- ICBA supports payment systems that are competitive, progressive, and secure and that offer fair and open access to all community banks regardless of size and operational capability so they can meet the existing and evolving global payment needs of their customers.
- ICBA supports industry efforts that improve payments efficiency, security, speed, and efforts that make bank-centric payments models more competitive in an evolving and dynamic marketplace and enable open competition among financial institutions of all sizes and charters.
- Ubiquitous faster payment initiatives should include compensation to the receiving bank for its role in processing the transaction.
- ICBA strongly supports subjecting non-bank payments providers to the same privacy, security and consumer protection requirements as banks.
- ICBA encourages the CFPB to use its authority to regulate large market participants to address non- banks serving as payments channels and to create consistent transparency and protections for consumers as well as a level playing field for all payments providers.
- ICBA encourages a federal and state regulatory framework for virtual currencies and the virtual wallets, exchange services, and merchant enablers that support these services.
- ICBA welcomes the development of digital and mobile wallets as an important consumer innovation. These products must evolve in a way that protects consumer privacy, accommodates bank-centric payments, and allows all financial institutions an equal opportunity to have their cards and accounts at the top of the wallet.
- ICBA supports the Federal Reserve System in its dual role as payment systems regulator and provider/operator of services.
- ICBA strongly supports the Federal Reserve Banks’ effort to foster the creation of a ubiquitous, near- real-time payment system and urges the Reserve Banks to participate in this new system as an operator and service provider.
- ICBA encourages the Federal Reserve to use vigorously its authority to identify and regulate systemically important payment, clearing and settlement systems.
- ICBA supports the important roles private-sector rulemaking organizations – payment card networks, check and ACH clearing houses, and standards-setting organizations – play in developing and maintaining rules supporting fair, open, and efficient access to payment systems and promotes community bank participation in the governance and rulemaking of these organizations.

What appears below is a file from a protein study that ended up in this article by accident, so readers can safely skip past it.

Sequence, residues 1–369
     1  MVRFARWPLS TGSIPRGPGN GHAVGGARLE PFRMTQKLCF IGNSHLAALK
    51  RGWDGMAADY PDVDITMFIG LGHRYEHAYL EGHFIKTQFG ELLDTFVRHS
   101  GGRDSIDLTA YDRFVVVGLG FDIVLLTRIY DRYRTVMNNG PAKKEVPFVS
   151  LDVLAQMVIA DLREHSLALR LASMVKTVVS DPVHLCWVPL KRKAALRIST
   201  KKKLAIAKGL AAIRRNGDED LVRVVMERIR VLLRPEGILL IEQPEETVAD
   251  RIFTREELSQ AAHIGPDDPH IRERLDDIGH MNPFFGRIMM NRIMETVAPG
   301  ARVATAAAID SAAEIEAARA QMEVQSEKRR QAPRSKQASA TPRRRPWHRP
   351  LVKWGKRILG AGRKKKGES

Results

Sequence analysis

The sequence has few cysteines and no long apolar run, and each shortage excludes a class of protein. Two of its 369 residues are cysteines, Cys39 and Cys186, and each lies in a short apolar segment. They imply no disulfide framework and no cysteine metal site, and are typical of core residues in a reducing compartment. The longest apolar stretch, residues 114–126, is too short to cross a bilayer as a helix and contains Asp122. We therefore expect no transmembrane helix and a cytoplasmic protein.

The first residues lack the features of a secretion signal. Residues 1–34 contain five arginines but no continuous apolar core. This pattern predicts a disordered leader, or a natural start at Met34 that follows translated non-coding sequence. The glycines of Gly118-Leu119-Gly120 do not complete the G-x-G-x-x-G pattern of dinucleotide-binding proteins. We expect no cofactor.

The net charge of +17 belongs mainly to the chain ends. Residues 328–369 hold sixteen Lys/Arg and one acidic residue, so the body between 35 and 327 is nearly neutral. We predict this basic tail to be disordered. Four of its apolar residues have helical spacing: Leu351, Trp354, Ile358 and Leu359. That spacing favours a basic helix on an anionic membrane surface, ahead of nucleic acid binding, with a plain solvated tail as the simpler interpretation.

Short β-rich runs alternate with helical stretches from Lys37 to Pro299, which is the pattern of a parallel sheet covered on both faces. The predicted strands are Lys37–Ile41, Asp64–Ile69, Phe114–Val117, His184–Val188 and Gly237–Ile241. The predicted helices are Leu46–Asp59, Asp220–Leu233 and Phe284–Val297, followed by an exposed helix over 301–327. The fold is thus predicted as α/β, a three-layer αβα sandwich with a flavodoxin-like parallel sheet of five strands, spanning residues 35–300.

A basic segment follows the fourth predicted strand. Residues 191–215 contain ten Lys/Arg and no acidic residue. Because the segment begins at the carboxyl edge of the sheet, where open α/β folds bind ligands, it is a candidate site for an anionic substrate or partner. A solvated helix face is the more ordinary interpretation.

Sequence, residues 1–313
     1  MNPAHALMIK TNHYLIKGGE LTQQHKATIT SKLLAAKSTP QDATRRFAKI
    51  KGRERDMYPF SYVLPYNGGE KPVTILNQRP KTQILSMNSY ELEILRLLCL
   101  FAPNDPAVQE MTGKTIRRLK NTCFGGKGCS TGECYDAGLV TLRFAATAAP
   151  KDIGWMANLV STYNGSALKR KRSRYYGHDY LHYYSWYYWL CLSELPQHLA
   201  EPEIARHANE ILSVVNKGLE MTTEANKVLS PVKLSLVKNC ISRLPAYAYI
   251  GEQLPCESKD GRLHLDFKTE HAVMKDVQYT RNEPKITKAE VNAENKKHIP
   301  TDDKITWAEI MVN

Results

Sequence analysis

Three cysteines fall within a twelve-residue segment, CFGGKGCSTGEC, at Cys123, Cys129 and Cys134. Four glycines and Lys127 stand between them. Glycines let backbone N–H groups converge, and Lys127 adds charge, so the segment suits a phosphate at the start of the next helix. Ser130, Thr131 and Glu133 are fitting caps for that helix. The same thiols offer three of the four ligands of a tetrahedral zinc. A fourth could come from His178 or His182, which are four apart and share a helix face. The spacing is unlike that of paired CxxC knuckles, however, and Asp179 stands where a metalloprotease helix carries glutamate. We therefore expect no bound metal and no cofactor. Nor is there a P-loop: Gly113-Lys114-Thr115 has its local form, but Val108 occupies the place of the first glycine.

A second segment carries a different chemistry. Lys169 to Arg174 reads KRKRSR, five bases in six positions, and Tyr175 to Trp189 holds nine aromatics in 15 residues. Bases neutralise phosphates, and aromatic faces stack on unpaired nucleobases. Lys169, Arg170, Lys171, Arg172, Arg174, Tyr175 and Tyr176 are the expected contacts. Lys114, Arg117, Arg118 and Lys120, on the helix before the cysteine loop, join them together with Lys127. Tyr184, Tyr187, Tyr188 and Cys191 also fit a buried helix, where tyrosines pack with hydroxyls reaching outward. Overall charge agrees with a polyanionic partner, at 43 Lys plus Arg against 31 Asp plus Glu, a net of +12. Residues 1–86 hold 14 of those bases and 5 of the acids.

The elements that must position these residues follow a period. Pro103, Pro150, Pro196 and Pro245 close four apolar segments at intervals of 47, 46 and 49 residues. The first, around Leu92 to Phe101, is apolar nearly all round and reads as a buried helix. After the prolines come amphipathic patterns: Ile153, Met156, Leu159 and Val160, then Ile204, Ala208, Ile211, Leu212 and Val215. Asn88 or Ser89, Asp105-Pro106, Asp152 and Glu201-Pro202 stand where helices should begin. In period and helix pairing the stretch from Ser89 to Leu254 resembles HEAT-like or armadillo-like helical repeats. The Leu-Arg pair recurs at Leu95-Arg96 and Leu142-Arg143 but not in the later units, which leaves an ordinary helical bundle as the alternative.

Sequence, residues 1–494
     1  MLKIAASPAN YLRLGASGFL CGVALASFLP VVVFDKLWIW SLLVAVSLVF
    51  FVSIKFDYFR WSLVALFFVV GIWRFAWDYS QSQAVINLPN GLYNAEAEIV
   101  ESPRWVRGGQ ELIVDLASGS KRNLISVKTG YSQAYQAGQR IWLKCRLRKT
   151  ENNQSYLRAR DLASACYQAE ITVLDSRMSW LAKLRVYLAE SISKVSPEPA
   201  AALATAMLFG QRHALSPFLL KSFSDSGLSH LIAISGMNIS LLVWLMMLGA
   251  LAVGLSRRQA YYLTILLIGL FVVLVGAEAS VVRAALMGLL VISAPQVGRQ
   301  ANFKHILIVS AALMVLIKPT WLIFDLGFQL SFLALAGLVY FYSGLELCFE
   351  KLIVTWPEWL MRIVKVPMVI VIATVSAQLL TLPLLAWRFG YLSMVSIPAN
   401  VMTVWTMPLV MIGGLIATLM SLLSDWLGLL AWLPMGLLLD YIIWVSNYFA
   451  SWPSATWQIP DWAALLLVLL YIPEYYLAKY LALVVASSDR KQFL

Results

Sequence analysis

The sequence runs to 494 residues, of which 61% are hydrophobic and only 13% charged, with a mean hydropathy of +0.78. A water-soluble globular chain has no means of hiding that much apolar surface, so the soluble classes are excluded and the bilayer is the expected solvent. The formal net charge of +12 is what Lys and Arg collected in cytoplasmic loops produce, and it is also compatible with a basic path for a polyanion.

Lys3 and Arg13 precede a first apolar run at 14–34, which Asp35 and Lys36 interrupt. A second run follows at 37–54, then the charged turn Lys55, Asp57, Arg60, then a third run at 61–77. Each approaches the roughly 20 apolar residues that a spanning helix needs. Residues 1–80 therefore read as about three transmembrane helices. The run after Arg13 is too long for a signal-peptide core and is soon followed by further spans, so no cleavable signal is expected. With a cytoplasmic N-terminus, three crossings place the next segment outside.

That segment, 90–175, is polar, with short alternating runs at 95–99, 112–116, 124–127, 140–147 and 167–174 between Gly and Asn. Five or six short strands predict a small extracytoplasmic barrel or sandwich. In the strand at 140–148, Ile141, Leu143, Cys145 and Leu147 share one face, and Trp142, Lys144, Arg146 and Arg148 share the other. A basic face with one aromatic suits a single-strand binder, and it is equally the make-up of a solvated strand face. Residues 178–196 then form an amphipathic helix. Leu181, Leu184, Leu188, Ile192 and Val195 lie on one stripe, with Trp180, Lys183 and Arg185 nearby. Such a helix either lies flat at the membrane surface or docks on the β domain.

- ICBA encourages both the Federal Reserve Board and private-sector rulemaking organizations to uniformly enforce rules; to timely and transparently refine rules to address new services, technologies regulatory requirements and marketplace dynamics; and to collaborate on further establishing uniformity and efficiency between the various rules.
- ICBA urges policymakers to raise the safe harbor exemption in Regulation E from 100 to 1,200 transfers in the previous year to provide a more meaningful safe harbor amount for community banks. ICBA urges policymakers to make permanent the temporary provision under Section 1073 of the Dodd-Frank Act that permits insured institutions to estimate certain pricing.
Access. Community banks’ payment systems access must not be limited through the imposition of anti- competitive and discriminatory pricing or policies, membership requirements, standards, operating rules or technological barriers. The concentration of market power should not be used to force changes that would materially and adversely impact the competitive nature of our nation’s payments system.
Payments Improvement. Community banks need a faster, more efficient and more secure bank-centric payments system to effectively serve their customers and communities. ICBA is a longtime advocate of Same-day ACH and is an active participant in the Federal Reserve’s Faster Payments and Secure Task Forces. ICBA partnered with North American Banking Company to submit a faster payments proposal for consideration before the Task Force which stresses low-cost on-ramps to a payments system that can reach any financial institution. Core attributes of any faster payments system should include end-user payment experience, ubiquity, efficiency, inter-bank compensation, and strong oversight by financial institutions.